The Fight to Cap Rising Insulin Prices for Diabetic Patients

On May 22, Colorado governor Jared Polis signed a bill into law capping the price of insulin at $100 per month for patients with insurance.

Colorado is the first state to create a law designed to battle what is seen by many as price gouging by pharmaceutical companies. Research published in the Journal of the American Medical Association shows that  the average cost of insulin rose by almost 200% from 2002-2013, making it the latest in a growing trend of exorbitant healthcare costs for Americans.

The rising cost of medication means diabetic patients sometimes forego their medication, or take altered doses, in order to make supplies last longer. This technique is often called rationing and can have many consequences.

“Even if you get some of your medication and not all of it, your diabetes eventually gets out of control,” Dr. James T. Cail III, a physician with Primary Care Partners in Edmond, said. “And we’re talking about increased visits to the emergency room, increased costs of people that are paying for that – the cost is typically spread out through other means such as taxpayer money and things like that.”

Diagnosed diabetes cost the United States over $300 billion in the year 2017, according to the American Diabetes Association. Access to many medications, including insulin, is a matter of life and death for patients.

“We have a healthcare crisis in our nation,” Cail said. “We have hardworking people, that are good people, that are unable to get basic healthcare because it’s simply unaffordable to them.”

Cail chooses not to work with insurance companies because of problems with the private insurance model. Instead, his office operates under a healthcare model called direct primary care. His office has an on-site pharmacy that can prescribe many generic medications for less than the copays most insured patients pay.  

Additionally, there have been numerous congressional hearings in Washington, D.C. to discuss the problems with insulin pricing for the insured and uninsured. While the new Colorado legislation means the cost of insulin will have a cap for patients with insurance, advocates see the limitations this version of the bill might have in a state like Oklahoma and say more can still be done to increase affordability and access for everyone.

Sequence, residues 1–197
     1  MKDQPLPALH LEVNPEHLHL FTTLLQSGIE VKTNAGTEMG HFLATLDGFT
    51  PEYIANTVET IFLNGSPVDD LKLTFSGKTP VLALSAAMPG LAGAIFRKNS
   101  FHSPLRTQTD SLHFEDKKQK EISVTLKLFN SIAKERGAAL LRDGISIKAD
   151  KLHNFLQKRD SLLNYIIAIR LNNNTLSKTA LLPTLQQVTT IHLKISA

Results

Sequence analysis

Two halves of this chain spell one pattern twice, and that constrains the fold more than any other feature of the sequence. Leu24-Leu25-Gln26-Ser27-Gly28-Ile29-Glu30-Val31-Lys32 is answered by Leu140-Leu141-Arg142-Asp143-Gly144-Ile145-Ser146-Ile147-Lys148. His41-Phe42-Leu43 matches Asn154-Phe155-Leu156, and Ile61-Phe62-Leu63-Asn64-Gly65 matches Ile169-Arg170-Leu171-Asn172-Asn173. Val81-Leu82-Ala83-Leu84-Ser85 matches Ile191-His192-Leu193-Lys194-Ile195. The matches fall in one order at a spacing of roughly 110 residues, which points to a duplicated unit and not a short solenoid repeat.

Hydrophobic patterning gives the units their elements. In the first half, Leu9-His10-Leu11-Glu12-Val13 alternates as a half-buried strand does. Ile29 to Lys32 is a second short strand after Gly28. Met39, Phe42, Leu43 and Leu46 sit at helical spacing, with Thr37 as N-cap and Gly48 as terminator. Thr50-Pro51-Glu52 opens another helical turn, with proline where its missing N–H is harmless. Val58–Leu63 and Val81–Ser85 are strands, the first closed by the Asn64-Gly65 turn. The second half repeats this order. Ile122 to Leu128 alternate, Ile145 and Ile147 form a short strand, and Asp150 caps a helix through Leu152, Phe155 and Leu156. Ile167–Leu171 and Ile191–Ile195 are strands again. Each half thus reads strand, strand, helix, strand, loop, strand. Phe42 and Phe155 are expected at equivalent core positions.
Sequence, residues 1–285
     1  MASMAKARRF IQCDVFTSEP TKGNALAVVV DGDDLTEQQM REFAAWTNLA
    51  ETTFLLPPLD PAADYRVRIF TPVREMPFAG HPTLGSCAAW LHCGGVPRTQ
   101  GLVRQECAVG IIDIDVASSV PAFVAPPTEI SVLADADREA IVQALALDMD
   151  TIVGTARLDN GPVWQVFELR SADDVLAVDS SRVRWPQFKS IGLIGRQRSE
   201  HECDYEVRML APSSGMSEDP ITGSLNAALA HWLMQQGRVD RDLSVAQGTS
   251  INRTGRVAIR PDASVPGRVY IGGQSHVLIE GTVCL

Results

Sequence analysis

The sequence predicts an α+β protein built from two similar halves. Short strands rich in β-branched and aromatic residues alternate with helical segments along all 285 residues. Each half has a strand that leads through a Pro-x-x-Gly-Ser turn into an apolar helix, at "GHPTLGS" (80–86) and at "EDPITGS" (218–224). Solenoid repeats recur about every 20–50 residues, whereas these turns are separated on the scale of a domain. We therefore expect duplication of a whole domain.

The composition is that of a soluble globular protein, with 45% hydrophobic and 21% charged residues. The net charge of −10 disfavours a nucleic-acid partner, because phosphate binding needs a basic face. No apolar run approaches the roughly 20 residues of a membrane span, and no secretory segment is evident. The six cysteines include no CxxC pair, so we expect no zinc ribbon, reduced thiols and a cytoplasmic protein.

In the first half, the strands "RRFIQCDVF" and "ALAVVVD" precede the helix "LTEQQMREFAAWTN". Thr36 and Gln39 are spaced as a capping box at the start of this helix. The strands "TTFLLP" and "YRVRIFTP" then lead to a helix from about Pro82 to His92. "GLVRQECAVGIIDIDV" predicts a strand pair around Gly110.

Colorado has a very low uninsured rate, whereas here in Oklahoma we have the second highest uninsured rate in the country. While this law is potentially very beneficial to those with insurance, it does nothing to help those without insurance who bear the brunt of our broken system,” Dr. Clayton McCook, leader of Oklahoma’s chapter of T1International’s #insulin4all movement said.

McCook is an Edmond resident and veterinarian, whose almost 11-year-old daughter Lily was diagnosed with Type 1 Diabetes when she was three. In his advocacy work, he has seen that going toe-to-toe with the pharmaceutical companies is no easy task.

“The biggest struggle is access. I’m not a lobbyist or a donor or a major player in the political world,” McCook said. “I’m just a dad who is trying to fight for his daughter’s future and that of other people who literally need insulin to live.”

Pharmaceutical companies are regulated in many countries around the world, placing limits on the amount patients can be charged for medications. However, the U.S. does not currently have any federal restrictions on the pricing of prescription drugs, causing Americans to foot a much higher bill.

“I’d like to see the United States join the rest of the world and stop allowing the pharmaceutical industry to dictate what people with diabetes have to pay for their insulin and other drugs. It is inexcusable that I can fly to Canada or drive to Mexico and purchase the same exact insulin that costs over $300 a vial here for less than $50,” McCook said. “It is long past time that we negotiate prescription drug prices like they do in other countries, and I believe it is imperative that we set price caps on drugs like insulin that are literally required for survival.”

McCook isn’t alone in his feelings. Nationally, advocates have been outspoken about the high cost of the drug and the limited response from those in charge.

Rep. Forrest Bennett from Oklahoma City introduced a bill similar to Colorado’s in Oklahoma’s last legislative session. However, Rep. Lewis Moore from Edmond, chairman of the Insurance Committee, refused to allow that bill to be heard and it died in committee, according to McCook. A national bill, H.R. 1478, the Affordable Insulin Act of 2019 was also introduced in Washington in February and Congressional committees continue to hold hearings on the matter.

Advocates for changes to the system like Cail and McCook applaud those who are working to make changes, but say there is still more to be done by all, both locally and nationally. For now, diabetic patients and their families, hoping for a solution to high healthcare costs, continue to wait.

UCO students with health concerns can visit the Center for Counseling and Well-Being or make an appointment with the OU Physicians Health Clinic on Campus.

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